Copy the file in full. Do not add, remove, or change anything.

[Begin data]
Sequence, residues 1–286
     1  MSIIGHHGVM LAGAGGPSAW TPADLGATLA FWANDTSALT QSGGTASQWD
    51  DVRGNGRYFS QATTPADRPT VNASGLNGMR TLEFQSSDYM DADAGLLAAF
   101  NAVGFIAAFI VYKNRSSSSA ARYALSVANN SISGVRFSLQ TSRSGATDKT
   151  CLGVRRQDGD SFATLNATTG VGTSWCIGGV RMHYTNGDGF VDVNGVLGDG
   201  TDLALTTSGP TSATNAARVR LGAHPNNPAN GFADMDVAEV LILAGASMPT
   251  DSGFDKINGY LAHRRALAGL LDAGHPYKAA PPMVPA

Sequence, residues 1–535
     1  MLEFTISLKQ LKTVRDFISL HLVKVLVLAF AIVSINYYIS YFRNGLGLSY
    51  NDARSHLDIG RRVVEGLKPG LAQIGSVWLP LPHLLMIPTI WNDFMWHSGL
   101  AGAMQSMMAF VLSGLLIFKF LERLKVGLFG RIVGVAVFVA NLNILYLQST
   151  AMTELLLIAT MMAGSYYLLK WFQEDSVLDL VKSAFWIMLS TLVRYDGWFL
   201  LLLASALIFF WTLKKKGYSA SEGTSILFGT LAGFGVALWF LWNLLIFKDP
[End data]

Sequence, residues 1–286
     1  MSIIGHHGVM LAGAGGPSAW TPADLGATLA FWANDTSALT QSGGTASQWD
    51  DVRGNGRYFS QATTPADRPT VNASGLNGMR TLEFQSSDYM DADAGLLAAF
   101  NAVGFIAAFI VYKNRSSSSA ARYALSVANN SISGVRFSLQ TSRSGATDKT
   151  CLGVRRQDGD SFATLNATTG VGTSWCIGGV RMHYTNGDGF VDVNGVLGDG
   201  TDLALTTSGP TSATNAARVR LGAHPNNPAN GFADMDVAEV LILAGASMPT
   251  DSGFDKINGY LAHRRALAGL LDAGHPYKAA PPMVPA

Sequence, residues 1–535
     1  MLEFTISLKQ LKTVRDFISL HLVKVLVLAF AIVSINYYIS YFRNGLGLSY
    51  NDARSHLDIG RRVVEGLKPG LAQIGSVWLP LPHLLMIPTI WNDFMWHSGL
   101  AGAMQSMMAF VLSGLLIFKF LERLKVGLFG RIVGVAVFVA NLNILYLQST
   151  AMTELLLIAT MMAGSYYLLK WFQEDSVLDL VKSAFWIMLS TLVRYDGWFL
   201  LLLASALIFF WTLKKKGYSA SEGTSILFGT LAGFGVALWF LWNLLIFKDP